3rd > November > 2009 Archive
Federal prosecutors have charged a California man with earning $1m over a six-year period by illegally selling products that allowed customers to get high-speed internet service for free.
AMD is reported to have rejiggered its phase-out and phase-in plans for various members of its Phenom II and Athlon II processor lines.
Yahoo! has open sourced the back-end software platform that underpins the company's webmail client and countless other applications offered up across its sweeping web portal.
Ubuntu 9.10 is causing outrage and frustration, with early adopters wishing they'd stuck with previous versions of the Linux distro.
Motorola was slow to join the smartphone bandwagon, but that’s all about to change. The firm has promised to launch no fewer than 20 top-end mobile phones next year.
Networking startup SpiderCloud wants to bring 3G networks into the enterprise, and hopes that network operators will pay for them.
ReviewSony Ericsson tends to get the most publicity from its Cyber-shot cameraphones and Walkman music phones. Not unusual, that, but the company also has a large array of mid-range and lower end mobiles. A case in point: the S312. At £100 Sim-free or £69 from T-Mobile on pay-as-you-go, it fits right into that lower price bracket.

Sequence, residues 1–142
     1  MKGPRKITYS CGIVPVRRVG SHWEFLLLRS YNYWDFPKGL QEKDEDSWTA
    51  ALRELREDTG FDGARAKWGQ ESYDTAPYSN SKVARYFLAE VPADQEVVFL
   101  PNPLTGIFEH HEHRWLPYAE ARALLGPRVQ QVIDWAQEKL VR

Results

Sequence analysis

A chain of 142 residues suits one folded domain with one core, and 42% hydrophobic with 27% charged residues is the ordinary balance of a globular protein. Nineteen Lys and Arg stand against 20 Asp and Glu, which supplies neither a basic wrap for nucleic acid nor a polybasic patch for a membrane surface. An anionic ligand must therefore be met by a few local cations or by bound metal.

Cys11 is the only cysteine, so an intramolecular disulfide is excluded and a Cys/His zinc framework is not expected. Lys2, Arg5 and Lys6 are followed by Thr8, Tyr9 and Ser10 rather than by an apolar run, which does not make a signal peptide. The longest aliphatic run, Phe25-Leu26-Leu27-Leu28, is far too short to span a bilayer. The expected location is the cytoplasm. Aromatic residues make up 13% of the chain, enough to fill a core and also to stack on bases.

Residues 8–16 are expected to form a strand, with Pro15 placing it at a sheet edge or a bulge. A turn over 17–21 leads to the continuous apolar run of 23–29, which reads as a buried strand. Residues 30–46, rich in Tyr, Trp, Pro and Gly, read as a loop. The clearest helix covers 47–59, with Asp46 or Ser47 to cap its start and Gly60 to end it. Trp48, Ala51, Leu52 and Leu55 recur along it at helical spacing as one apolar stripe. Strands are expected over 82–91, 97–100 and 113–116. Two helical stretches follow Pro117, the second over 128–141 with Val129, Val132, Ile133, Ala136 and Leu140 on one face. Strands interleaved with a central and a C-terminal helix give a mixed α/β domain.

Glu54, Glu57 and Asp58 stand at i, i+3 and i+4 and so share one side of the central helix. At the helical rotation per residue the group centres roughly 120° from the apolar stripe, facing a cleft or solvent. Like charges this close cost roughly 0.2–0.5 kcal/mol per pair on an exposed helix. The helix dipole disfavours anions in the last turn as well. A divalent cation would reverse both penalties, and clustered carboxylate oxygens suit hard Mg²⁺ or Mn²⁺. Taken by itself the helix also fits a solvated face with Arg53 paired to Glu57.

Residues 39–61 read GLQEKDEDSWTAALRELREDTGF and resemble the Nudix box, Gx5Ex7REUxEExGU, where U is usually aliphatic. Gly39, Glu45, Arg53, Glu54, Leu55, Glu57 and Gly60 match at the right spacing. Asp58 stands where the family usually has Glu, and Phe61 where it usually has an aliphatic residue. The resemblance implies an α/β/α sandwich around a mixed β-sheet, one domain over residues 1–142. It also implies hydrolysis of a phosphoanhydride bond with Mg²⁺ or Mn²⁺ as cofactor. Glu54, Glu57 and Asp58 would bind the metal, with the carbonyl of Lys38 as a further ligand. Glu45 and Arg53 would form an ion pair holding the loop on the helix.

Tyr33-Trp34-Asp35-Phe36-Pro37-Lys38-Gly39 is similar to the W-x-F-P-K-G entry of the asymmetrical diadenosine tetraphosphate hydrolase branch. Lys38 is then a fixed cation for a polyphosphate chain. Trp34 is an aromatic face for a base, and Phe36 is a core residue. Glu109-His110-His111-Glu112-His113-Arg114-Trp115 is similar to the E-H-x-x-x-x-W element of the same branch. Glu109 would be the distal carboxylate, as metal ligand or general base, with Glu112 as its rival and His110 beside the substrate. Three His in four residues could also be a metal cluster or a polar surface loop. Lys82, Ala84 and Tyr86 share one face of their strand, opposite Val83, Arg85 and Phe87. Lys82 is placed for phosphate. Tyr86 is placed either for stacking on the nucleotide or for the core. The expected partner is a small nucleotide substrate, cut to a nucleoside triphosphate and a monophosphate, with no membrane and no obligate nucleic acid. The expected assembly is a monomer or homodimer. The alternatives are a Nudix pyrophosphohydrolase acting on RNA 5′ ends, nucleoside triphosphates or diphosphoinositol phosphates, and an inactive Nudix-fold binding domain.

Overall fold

Things did not go entirely smoothly for IBM on its first day in control of Transport for London's Congestion Charge systems yesterday.
Good news for Microsoft's Bing today - Google does not have the whole search market sewn up and nor is it easy to use. At least one English county is apparently unable to fathom its mysteries.
Google has extended the reach of the Android Market online app store to Windows Mobile devies... if T-Mobile UK is to be believed.
Bill Gates' fortune may have slipped by $18bn in the past year or so, but pop oldster Bono apparently thinks that the leftover $40bn still deserves a royal salute.
Devious virus writers have come up with a new twist on ransomware-style malware.
There's some good news this morning for our readers from the Emerald Isle: their Irish brogue has topped a poll of 5,000 women worldwide to emerge as the world's sexiest accent.
The European Union has long promoted open source software, but it seems that years of expensive lobbying by big software companies has finally worn down the bureaucrats' resistance.
The Home Office has announced a £39m deal to upgrade its Airwave emergency-services comms net in and around the 2012 Olympics venues, allowing it to handle "several thousand users within confined geographical locations". Contractors described the requirement as "challenging", but anticipated meeting it by Games time.
Sony Ericsson has finally undressed 'Rachael' – its latest flagship smartphone known for ages only by its sexy pseudonym.